I shall study the answer of the Minister and, if appropriate, perhaps return to it at Report stage. With the leave of the Committee, I should like to withdraw the amendment.

Amendment, by leave, withdrawn.

[Amendments Nos. 140 to 149 not moved.]

Lord McCarthy moved Amendment No. 150:

Page 14, line 10, leave out paragraph (a).

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The noble Lord said: In moving Amendment No. 150 I shall speak also to Amendment No. 158. The object of the two amendments is simple: to abolish the jobseeker's direction. The jobseeker's direction is oddly named. One might have thought that the direction would be given by the jobseeker. However the jobseeker receives the direction. It would be better called the jobseeker's additional burden. It is something more that the jobseeker has to do. If there is anyone who does not know by now what a jobseeker is, he is someone who used to be unemployed. We do not now have any unemployed people; they are all jobseekers who are trying to make themselves active and available. This idea may spread. We may have old age pensioners who are dependant-seekers, looking for people on whom they can be dependent. We may have sick people who are health-seekers, trying to stop eating unhealthy food. If they eat enough healthy food they may qualify for some benefit. We may have widows who perhaps can be spouse-seekers, trying to find ways to get off the parish. However, so far it is only the unemployed who have been turned into seekers after activity. If they are available and active enough they get some benefit, except under Clause 16. The purpose of Clause 16 is that, however active the seeker and whether or not he qualifies under every other regulation, he can still be caught. The main way that the Bill catches him is that he is given a jobseekers' direction.

We have the same objections to the jobseekers' direction as we have to most of the rest of the Bill. In effect, it is all in regulation; in other words, we do not know what the jobseeker will be directed to do. We are not told what will be in the direction, only that if he refuses it or fails to carry out any reasonable direction having regard to the circumstances on the face of the Bill, he will suffer loss of benefit.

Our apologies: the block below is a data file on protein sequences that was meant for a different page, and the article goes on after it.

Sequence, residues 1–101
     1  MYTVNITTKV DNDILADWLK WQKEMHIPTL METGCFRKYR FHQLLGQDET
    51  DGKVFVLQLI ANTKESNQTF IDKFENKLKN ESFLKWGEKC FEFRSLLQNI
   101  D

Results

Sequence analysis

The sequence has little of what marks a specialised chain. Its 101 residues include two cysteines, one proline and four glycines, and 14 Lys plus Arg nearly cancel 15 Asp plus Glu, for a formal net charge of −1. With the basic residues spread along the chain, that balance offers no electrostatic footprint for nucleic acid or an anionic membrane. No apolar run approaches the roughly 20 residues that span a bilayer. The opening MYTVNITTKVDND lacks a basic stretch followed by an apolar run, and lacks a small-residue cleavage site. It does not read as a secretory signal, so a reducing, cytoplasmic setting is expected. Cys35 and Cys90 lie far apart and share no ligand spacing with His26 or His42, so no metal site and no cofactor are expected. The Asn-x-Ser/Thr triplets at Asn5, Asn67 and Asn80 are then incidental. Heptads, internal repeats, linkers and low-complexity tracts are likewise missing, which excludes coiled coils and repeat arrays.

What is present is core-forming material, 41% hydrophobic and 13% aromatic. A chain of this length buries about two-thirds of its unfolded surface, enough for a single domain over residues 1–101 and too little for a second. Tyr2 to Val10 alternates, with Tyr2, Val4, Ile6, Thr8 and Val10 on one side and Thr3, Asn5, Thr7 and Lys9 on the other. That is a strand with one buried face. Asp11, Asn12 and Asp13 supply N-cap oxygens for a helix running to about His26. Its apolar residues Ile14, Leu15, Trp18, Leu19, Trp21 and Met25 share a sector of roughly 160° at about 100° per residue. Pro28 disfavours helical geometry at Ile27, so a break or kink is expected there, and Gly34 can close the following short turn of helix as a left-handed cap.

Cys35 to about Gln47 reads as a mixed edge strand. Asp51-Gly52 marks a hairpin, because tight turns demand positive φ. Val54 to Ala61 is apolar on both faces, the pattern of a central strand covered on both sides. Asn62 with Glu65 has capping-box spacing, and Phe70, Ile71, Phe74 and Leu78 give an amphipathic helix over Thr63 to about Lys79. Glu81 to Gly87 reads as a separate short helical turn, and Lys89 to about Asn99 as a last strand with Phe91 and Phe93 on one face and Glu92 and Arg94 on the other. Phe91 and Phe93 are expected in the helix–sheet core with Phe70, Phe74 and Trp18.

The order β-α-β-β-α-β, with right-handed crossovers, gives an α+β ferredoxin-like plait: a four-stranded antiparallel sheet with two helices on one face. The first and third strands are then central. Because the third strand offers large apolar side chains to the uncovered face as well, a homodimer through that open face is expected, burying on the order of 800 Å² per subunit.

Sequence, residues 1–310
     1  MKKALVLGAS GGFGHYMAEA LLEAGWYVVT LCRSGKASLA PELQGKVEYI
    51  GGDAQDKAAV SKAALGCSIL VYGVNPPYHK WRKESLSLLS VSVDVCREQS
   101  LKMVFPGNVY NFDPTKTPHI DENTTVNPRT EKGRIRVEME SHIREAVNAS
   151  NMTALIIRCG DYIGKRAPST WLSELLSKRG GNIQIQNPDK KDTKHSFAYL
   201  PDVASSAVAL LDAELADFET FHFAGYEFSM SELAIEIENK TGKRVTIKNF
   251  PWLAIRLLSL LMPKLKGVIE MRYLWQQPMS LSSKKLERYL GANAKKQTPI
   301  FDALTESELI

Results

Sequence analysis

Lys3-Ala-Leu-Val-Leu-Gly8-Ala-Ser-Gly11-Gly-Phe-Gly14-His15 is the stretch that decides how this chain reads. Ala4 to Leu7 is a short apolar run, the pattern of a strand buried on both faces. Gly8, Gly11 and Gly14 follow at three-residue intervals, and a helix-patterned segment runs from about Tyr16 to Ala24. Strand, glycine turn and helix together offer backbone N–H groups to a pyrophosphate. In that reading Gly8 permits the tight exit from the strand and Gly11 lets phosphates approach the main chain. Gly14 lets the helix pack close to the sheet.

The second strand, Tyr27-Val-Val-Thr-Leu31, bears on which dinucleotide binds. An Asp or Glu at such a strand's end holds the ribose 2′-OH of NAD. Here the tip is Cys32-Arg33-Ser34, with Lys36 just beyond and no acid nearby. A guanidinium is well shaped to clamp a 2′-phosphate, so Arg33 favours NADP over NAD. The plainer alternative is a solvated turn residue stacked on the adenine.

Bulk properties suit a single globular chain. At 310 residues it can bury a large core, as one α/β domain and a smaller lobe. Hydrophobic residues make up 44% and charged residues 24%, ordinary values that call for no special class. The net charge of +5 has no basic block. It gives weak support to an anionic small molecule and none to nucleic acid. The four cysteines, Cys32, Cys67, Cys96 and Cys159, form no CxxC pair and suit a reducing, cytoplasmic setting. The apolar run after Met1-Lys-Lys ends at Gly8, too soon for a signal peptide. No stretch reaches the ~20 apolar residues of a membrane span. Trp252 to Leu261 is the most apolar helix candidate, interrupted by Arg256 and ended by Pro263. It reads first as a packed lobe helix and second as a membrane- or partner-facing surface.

We all know the general nature of the jobseeker's direction. On the face of the Bill, the purpose is to assist and improve the chances of employment. But we also know that the department has had something similar to the jobseeker's direction before there were jobseekers. In the days when we still had unemployment there was something called jobsearch assistance. We know that from the evidence submitted by the CABs about individual claimants who were put on endless restart programmes. In particular, one claimant in London was told, "The trouble with you is that you will not change direction". That is very apt, because in future if he does not change direction he will get a jobseeker's direction, will he not? He will have to change direction. A Berkshire claimant, an Afro-Caribbean, was repeatedly sent to low-paid manual jobs when he thought that he had excellent O and A-level qualifications and might be sent to other jobs. In future he will be given a direction. Of course, if one is given a direction and one does not carry it out there will be loss of benefit. The presumption is that one will have to enter some kind of appeal process to try to persuade the adjudication officer that the direction given is not adequate or appropriate.

We say that this is not necessary. It is now half past eight. We have debated for a long time the many ways in which the Bill is more than sufficiently coercive in placing further impositions upon a person who was once

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unemployed but is now a jobseeker. There is no need whatever for jobseeker's directions, and that is why I move this amendment.